Prices from the Video Cassette Report for movies on VHS: Cutting Class ($89.95), Obsessed ($89.95), Shag ($89.99), Third Degree Burn (N/A), Traveling Man ($89.99), When Harry Met Sally ($89.98), The Winds of War ($139.95). Cheers ‘n’ Jeers laments commercials for Breakfast with Barbie cereal, praises HBO’s useful holiday special “Buy Me That!”, criticizes ABC for airing a promotional spot for Small Sacrifices during an episode of Roseanne featuring a dream sequence in which Roseanne kills her family, and applauds MTV’s The Big Picture as “the best of TV’s current plethora of movie magazines.”
Robert MacKenzie reviews NBC’s Baywatch, a show that is “eye-appealing, brain-numbing and leaves one feeling vacant and pacified.” It’s hard to take the show seriously, he says, but wonders if landlocked viewers may enjoy it. “I do find the cleaned-up, surf-city scene in Baywatch rather tame compared to the real thing,” MacKenzie concludes. Maybe the show’s producers didn’t think viewers would accept the “otherworldly spectacle” of Venice Beach.
The Program Section
[The Program Section includes the following features: TV Guide Plus, Letters, The Collins Report, This Week, This Week’s Movies, Four-Star Movies, Soap Opera Guide, This Week’s Sports, Channel Directory, Pay-TV Movie Guide, TV Crossword Puzzle, and Horoscope.]
TV Guide Plus
[TV Guide Plus includes news reports.]
There are eight news reports this week. The first examines how ABC’s World News Tonight overtook CBS Evening News in the ratings.
Other reports: Hugh Wilson fears his new CBS sitcom The Famous Teddy Z will be cancelled soon; Jill Clayburgh refuses to accept feminist roles; NBC is looking for a host for its new, expanded NFL Live! show; Scott Bakula shares his experience playing a woman on Quantum Leap; TV violence continues to decline; Arsenio Hall forced Coca-Cola to agree to support his causes before appearing in a commercial; and Kara and Kimberly Albright will replace Morgan and Whitney White on Knots Landing, playing Meg MacKenzie.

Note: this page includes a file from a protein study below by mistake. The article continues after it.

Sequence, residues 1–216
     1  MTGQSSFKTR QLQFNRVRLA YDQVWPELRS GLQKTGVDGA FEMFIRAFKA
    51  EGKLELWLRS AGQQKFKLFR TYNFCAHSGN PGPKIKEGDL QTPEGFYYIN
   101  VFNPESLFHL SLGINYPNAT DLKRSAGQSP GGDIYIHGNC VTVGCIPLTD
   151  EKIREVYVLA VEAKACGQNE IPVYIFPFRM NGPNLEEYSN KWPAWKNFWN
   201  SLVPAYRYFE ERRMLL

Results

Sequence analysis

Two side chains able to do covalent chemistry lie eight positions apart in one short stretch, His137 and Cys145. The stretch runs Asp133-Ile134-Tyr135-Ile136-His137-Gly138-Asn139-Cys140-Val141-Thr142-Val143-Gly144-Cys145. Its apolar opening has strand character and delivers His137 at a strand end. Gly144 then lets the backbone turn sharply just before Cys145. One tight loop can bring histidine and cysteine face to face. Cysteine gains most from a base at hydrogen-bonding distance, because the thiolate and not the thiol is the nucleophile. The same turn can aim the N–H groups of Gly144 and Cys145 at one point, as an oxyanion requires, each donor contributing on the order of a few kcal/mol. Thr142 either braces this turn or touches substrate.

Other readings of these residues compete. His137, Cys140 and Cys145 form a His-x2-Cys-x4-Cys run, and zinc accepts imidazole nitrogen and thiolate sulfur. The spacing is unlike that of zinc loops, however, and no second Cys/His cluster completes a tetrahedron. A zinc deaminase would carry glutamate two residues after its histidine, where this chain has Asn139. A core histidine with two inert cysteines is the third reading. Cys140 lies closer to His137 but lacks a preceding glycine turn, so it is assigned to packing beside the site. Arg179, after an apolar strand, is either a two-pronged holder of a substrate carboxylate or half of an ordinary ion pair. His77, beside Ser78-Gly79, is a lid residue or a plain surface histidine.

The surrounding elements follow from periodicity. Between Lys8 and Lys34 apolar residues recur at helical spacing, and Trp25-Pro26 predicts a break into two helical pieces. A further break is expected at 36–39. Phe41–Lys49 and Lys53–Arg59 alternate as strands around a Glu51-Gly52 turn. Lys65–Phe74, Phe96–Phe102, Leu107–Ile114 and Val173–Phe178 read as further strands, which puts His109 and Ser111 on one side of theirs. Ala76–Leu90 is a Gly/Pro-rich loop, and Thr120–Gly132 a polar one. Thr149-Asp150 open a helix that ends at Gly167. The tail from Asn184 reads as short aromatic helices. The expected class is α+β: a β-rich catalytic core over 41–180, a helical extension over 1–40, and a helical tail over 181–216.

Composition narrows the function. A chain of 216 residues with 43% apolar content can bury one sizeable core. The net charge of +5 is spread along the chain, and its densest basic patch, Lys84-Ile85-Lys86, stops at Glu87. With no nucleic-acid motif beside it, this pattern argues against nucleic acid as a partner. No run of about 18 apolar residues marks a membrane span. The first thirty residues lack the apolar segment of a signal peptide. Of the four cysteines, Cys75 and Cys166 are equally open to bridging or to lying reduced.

[Although TV Guide published the first and last names of those who wrote letters, for privacy reasons I will only be sharing the first name and the first letter of the last name.]
Two of the seven letters respond to an article about Gil Gerard published in the November 25th issue. Here they are:
I think it’s high time Hollywood realized that people come in all shapes and sizes [“Gil Gerard: MY Weight Cost Me $1 Million in TV Roles,” Nov. 25]. If someone has talent, it shouldn’t matter whether they’re a size 6 or size 16.
Sharon D. P.
Melrose Park, Pa.
Only when large people campaign to eliminate weight bias in programming can overweight TV stars–and we who watch, love and support them–truly feel like the normal, intelligent and reasonably attractive people we are.
The Collins Report
[The Collins Report–written by columnist Monica Collins–appears every two weeks.]
Collins explains why holiday episodes can be tricky to pull off. “Santa Claus is always a star,” she writes. “Religious storylines are acceptable. But any religious tale must be diluted down for a mass audience so as not to cause offense to any member of that audience who does not share that belief.”
See my review of the January 7th, 1989 issue for the Channel Directory to the Toledo-Lima Edition.
- [Cable Close up] Movie: Age-Old Friend (HBO, Saturday at 8PM)
- Bob Hope: Christmas in Hawaii (NBC, Saturday at 10PM)
- I Love Lucy Christmas (CBS, Monday at 8:30PM)
- Christmas in Washington (NBC, Monday at 10PM)
Do You Remember…?
Saturday, December 16th, 1989
8:30PM ABC (24) (2) (6) (21) LIVING DOLLS (CC)–Comedy